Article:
How to Cre­ate an evoca­tive and grainy photo

Mac Format - - APPLE SKILLS -

1 Choose care­fully

This pho­to­graph is a great can­di­date for a monochro­matic fin­ish. The sub­ject’s pose as well as the strong con­trast that’s re­sulted from the rather harsh light in which the per­son was pho­tographed make it a good choice.

2 Can the colour

The first step is to con­vert the photo to black and white. Click the Ad­just­ment tab and then click Black & White to open the monochro­matic chan­nel mixer. Be­cause this is added as an ad­just­ment layer, all your changes are un­doable.

3 Change the chan­nel

Here, the sub­ject isn’t the main is­sue, rather it’s the back­ground that is. It isn’t too dis­tract­ing be­cause of the panned ex­po­sure, but by pulling back the mixer’s cyan and blue slid­ers we’re able to darken it some­what.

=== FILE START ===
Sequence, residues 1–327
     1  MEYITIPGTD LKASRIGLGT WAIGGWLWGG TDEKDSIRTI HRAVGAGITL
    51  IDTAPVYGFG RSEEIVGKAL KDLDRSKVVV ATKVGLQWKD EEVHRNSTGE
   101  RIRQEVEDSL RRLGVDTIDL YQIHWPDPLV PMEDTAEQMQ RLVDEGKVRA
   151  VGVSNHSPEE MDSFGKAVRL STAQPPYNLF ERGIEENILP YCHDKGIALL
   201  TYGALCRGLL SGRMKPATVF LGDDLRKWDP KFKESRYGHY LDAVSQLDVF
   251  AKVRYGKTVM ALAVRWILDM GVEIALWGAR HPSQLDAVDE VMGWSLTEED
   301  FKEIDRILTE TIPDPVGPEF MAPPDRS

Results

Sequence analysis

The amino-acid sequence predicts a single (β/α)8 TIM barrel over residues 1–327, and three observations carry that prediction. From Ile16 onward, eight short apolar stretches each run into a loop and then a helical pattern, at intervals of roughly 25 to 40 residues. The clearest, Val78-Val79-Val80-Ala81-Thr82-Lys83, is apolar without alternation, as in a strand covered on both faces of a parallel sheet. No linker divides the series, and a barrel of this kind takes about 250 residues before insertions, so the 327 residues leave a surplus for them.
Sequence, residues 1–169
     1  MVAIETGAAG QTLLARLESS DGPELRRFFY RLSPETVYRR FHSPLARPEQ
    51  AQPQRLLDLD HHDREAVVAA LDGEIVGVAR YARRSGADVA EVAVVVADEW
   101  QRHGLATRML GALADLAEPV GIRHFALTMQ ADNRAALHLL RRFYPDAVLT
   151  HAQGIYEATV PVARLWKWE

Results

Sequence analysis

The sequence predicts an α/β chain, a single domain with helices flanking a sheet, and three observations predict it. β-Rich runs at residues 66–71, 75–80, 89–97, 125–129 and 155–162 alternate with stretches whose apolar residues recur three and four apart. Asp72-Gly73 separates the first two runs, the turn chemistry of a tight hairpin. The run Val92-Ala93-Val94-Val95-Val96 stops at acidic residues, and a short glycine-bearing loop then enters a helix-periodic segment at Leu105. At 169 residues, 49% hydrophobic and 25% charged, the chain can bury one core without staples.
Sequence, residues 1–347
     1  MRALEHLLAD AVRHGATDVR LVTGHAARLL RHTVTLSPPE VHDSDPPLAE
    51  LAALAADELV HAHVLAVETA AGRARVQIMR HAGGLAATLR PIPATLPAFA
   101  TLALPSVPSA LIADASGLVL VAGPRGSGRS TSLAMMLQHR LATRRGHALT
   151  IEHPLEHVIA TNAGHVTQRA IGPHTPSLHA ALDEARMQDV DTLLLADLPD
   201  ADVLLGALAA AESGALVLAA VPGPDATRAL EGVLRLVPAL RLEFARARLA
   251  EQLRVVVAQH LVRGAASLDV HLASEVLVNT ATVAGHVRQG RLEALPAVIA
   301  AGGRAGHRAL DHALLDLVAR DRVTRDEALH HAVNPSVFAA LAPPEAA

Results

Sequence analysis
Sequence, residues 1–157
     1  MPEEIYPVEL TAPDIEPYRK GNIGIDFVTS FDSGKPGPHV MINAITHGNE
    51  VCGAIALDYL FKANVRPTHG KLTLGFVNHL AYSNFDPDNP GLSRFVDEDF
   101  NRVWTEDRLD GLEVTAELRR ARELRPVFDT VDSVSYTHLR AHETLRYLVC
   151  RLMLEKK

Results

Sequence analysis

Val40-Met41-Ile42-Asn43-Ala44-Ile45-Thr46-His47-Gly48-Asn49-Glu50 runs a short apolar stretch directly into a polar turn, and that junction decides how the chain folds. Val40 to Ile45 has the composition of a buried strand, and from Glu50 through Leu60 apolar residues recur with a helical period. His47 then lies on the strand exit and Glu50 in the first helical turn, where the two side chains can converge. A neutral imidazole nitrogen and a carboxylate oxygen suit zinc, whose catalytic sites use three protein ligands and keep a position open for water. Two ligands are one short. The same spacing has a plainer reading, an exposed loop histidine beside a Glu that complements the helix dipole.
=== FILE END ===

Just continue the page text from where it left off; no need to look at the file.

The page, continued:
4 Be se­lec­tive

If, once you’ve con­verted to black and white, you lose track of which parts of your im­age are which colour, click Picker in the mixer, then click the area of your im­age to change. This will change the value of that colour through­out.

5 Bring on the noise

Happy with your mono shot? Se­lect your main im­age layer, then pick Layer > New Live Fil­ter Layer > Add Noise Fil­ter. Use ç++ to zoom in to your im­age, and make sure you’re not adding too much noise as you drag the In­ten­sity slider.

6 Keep tin­ker­ing

Close the Live Add Noise win­dow when you’re done. Note that your im­age now has ex­tra lay­ers for the black and white treat­ment and the live fil­ter layer. You can dou­ble-click ei­ther of them to change its set­tings in the fu­ture.

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